Note that Sample Report is an actual report used at BCRS. Presented image was edited for security and legal reasons. All data shown is dummy data; all addresses, postal codes and various numbers and ID's have been altered. Government logo and Registrar's signatures have been covered with beige box. Also word SAMPLE has been added across the image.

The report was designed to run on JasperReports platform and Oracle database, created with Jasper's iReport 3.7.1 IDE.

The requirement for the layout was to make it as much identical as possible to the official government pre-printed form already available to the public. The official form is intended to be filled by hand. I have had access to the paper form, but not to its original layout. So I had to determine fonts, borders, bars and their sizes visually, often by placing original form and printed reports on top of each other and looking against the light.

Internally, the layout consists of one main template and a number of subreports. Each section identified with a capital letter, as well as the Registrar seal, has its own subreport. Section A. (Mailing Address), Registrar seal and their surrounding information are also nested inside another subreport.

E Mailing Address

For mailing the client is using official windowed envelopes. So the name and address, referred together as mailing address, don't get printed on the envelope, but on the report itself. And report is folded in such a way that the mailing address is visible. There are many reports at BCRS, such as this sample report, which are showing mailing addresses.

Fitting all the information is always a challenge. Often the full legal company name with various designations is longer than the envelope window allows. And there are always that many rows that could be printed. Some software workarounds could be implemented to format the data. Sometimes, I had to print the report, fold it, stuff it into the envelope and perform tapping test (tap filled envelope on its edge so the content will move) to ensure that all mailing related information is visible and nothing else (such as NAME APPROVAL NO. just above the mailing address in case of this report).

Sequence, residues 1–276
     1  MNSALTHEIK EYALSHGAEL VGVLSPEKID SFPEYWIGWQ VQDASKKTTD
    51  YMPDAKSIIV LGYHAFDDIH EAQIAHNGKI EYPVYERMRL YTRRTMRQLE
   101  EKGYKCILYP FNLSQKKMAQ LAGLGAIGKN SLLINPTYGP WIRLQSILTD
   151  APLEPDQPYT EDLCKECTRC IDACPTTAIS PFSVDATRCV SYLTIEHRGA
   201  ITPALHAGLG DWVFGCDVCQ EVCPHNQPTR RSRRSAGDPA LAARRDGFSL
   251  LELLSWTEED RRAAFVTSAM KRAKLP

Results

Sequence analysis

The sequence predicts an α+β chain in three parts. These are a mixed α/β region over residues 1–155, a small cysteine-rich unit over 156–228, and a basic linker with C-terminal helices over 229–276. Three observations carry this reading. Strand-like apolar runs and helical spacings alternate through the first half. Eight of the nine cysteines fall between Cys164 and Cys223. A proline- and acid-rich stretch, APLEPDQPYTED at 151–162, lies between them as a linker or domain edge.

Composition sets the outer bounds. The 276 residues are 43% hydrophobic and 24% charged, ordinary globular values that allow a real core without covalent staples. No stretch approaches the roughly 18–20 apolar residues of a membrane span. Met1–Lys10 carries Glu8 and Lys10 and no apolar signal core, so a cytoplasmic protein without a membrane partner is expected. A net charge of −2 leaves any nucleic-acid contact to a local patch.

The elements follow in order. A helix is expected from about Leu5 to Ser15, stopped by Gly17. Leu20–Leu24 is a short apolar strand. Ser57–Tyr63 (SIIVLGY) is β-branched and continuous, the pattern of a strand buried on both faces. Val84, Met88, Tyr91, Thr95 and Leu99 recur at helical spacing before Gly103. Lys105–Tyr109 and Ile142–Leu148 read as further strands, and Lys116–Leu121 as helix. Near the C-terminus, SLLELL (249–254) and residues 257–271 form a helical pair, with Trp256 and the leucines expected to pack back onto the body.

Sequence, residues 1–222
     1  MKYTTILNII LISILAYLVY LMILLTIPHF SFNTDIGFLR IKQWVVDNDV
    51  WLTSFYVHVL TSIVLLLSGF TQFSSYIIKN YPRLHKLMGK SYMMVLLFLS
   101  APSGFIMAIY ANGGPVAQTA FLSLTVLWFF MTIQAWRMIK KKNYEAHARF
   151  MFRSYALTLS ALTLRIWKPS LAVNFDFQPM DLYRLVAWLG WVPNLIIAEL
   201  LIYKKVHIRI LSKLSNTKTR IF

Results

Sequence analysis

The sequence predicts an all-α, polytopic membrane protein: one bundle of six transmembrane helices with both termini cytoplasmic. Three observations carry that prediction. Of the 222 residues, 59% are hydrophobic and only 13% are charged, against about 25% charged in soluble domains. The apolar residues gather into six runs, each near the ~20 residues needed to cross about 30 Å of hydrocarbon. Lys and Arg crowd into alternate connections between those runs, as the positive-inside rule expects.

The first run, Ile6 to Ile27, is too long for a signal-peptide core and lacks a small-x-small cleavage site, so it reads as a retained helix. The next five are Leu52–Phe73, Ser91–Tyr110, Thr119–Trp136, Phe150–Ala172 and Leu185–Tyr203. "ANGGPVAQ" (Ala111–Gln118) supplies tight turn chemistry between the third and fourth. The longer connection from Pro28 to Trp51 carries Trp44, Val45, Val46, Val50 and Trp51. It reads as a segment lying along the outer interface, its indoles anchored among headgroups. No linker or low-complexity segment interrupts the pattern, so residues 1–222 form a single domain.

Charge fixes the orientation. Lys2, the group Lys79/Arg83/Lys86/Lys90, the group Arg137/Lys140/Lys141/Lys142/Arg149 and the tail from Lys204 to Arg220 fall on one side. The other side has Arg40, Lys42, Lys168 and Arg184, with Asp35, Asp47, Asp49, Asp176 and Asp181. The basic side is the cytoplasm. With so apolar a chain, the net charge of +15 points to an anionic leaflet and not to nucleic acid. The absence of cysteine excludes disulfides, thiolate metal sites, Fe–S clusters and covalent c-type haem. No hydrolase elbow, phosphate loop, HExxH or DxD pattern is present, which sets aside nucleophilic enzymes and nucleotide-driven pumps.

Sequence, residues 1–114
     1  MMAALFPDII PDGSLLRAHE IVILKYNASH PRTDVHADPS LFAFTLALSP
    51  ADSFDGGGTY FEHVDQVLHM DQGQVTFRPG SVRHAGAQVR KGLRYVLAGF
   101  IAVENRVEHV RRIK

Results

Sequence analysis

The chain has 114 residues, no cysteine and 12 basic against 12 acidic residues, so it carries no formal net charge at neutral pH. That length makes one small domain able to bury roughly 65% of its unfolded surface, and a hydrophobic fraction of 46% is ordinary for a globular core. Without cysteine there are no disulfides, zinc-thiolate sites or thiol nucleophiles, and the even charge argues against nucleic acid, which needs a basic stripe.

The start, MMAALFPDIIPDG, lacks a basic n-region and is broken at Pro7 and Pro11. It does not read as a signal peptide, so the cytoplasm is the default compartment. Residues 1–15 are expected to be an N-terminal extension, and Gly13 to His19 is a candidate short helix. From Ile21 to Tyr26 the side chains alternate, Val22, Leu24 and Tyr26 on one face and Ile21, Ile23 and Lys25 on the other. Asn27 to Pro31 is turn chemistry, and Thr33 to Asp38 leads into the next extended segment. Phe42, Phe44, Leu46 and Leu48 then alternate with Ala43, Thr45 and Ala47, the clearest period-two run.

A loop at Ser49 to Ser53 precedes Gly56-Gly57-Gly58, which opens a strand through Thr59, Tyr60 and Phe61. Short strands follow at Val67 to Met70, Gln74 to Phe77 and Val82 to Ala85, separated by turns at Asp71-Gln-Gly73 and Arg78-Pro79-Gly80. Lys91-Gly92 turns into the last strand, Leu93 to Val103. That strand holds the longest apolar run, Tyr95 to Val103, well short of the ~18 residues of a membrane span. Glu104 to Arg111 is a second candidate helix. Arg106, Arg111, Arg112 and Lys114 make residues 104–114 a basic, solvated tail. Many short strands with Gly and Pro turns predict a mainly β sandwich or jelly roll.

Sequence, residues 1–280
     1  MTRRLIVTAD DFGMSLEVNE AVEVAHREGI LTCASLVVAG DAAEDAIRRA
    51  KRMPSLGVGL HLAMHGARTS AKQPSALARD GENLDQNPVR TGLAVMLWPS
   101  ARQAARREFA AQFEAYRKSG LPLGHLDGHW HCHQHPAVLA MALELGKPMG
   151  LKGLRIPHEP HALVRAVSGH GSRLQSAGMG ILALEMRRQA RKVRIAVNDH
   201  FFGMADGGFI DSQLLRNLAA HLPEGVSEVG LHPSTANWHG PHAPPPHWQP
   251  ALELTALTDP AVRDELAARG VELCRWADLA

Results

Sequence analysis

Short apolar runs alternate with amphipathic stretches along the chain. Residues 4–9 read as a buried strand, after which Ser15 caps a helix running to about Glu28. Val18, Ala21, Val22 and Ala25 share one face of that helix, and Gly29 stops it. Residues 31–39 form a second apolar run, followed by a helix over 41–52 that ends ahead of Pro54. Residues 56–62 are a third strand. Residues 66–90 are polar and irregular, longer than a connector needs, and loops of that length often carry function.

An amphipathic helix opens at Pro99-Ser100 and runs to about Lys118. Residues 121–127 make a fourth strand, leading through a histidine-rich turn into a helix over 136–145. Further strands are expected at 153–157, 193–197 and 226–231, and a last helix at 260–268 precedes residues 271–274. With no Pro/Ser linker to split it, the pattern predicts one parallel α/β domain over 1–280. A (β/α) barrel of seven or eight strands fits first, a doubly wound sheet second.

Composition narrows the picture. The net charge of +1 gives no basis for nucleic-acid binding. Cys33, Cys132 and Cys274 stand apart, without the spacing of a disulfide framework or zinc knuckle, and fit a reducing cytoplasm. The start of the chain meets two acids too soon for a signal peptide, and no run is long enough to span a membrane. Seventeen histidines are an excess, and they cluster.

* Registrar Seal

Some documents, apart from the usual legal designation in the header, are furnished with additional legal features. It can be Registrar's signature or, in case of this report, a Registrar's seal. Registrar's seal is build as a separate subreport. Because of its nature, an additional care has been taken to ensure it's proper use (even the example shown was modified to give an idea and yet not to misrepresent).


As shown on the picture, there are two kinds of identifiers. First one, DEV, is a database identifier and means the report was run against development database. Other possible values are TST for test database and blank for production database. Another identifier is report specific unique ID. Some ID's are filing specific (such as this one), some are run specific (each report run has its own sequence based ID; useful for batch reports). The use of unique ID's for report identification was my own initiative that was adopted by the client as a standard.


Most reports spread across multiple pages. Defining report header and footer is often a necessity. In case of a well defined report such as this, an additional steps have had to be taken. So for instance there was a requirement to show at least 2 partners in section H., with their names and addresses. Or, if no partners present, to show blank fields but with their headers. As you can see from the image, there is a second page to this report with nothing but header, footer and blank PARTNER NAME and RESIDENTIUAL OR REGISTERED ADDRESS sections (page not shown).